Part 2 of a 3 part series on Ireland at Venice 2013
This might sound funny, but I think there is a sense that Venice is akin to the Olympics of art, especially in a smaller nation like Ireland. What are your thoughts on ‘National Representation’? And how this worked out?
It is a big deal to represent your country on any platform. Richard and I were both very proud to be selected and then really happy that the Irish Pavilion received such an immense amount of press and attention. It was immensely rewarding.
Obviously Infra was a body of work Richard had developed a few years prior and The Enclave being an extension of this. What was the process of developing the exhibition like? Did you work very closely with Richard? Or was he developing the work already? I saw the beginnings of the 16mm film work and was impressed with the multi-screen approach. Richard was working on this body of film work for over a year. When we got the invitation to represent Ireland in the Venice Biennale Richard returned to the Congo to secure further footage. The contract for Fondaco Marcello, the venue I eventually rented for Ireland, was a year long lease. This allowed Richard to edit the work in the space in March 2013, which was hugely beneficial to him and his editor Trevor Tweeten. I visited him in Venice during this process and had input and discussions with him on the installation for The Enclave and the exhibition design for the photographs. At that time I met with the carpenter, electrician, carpet layer etc. and planned what needed to be done in advance of our opening. We were lucky in that a lot of what was needed to be carried out to transform the space was achieved in April, before there was a demand for the time of every workman in Venice for all the other Pavilions.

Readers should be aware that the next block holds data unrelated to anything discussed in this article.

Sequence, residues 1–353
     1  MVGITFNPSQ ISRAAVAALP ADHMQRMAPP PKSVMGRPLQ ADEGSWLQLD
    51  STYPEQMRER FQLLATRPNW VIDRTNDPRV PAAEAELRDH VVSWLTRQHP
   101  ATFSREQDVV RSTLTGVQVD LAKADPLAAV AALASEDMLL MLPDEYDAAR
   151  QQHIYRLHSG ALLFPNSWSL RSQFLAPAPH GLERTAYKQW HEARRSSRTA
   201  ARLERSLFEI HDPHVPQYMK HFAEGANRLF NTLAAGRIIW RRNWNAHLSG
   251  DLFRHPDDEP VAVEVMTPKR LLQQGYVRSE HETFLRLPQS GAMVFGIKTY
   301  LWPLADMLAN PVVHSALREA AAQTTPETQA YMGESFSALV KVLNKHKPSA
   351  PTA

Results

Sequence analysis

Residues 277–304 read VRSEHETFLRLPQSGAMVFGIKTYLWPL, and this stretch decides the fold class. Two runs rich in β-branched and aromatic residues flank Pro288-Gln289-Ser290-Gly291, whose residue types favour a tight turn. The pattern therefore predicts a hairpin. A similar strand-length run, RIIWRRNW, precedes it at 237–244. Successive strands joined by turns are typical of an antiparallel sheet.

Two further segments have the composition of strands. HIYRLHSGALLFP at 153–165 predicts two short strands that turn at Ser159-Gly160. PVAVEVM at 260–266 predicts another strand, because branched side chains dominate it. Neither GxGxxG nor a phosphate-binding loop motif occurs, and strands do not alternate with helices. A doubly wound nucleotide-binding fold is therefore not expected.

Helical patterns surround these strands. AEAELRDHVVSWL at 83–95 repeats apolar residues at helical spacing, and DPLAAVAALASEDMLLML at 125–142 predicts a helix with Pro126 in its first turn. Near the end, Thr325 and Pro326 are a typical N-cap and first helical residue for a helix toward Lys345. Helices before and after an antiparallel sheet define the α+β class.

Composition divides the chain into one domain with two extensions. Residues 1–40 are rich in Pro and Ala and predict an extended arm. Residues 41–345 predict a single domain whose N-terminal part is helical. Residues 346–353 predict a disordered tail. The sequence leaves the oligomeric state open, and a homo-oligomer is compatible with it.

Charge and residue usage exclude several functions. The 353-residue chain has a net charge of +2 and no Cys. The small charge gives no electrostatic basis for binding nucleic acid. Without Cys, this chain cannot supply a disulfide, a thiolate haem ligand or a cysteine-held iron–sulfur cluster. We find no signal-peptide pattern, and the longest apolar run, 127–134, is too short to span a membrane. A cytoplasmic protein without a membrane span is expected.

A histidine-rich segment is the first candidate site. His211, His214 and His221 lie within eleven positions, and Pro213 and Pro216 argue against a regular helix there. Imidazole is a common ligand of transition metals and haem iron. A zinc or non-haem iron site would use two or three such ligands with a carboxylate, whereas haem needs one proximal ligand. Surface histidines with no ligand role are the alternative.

The healthy sales of Richard’s photographs has allowed him to develop the production of his film work and helped him to fund his many trips to the Congo. The Jack Shainman Gallery were supportive and helped with the sales of the benefit print, which was produced to assist in the Fundraising to deliver this ambitious and costly presentation.
What were the differences between curating this scale of a show and other exhibitions you have done? Was it a lot of pressure?
I worked in the private sector in New York for many years as an art dealer and have curated six exhibitions a year during my nine year tenure as Director at the Butler Gallery. Delivering The Enclave in Venice and the subsequent Irish Tour was a huge job and ultimately a two year commitment. The challenge is that one continues to have a full-time job also whilst pulling this off, so the double-jobbing is intensive. Yes, it was a lot of pressure, especially the fundraising. I was committing to and spending money I wasn’t sure I would be able to raise so it was intense at times. As it turned out, it all worked out very successfully, which was a huge relief. It was an amazing experience to present a project such as this to a wide international audience and one that I will never forget.
Did you find his project problematical in any way?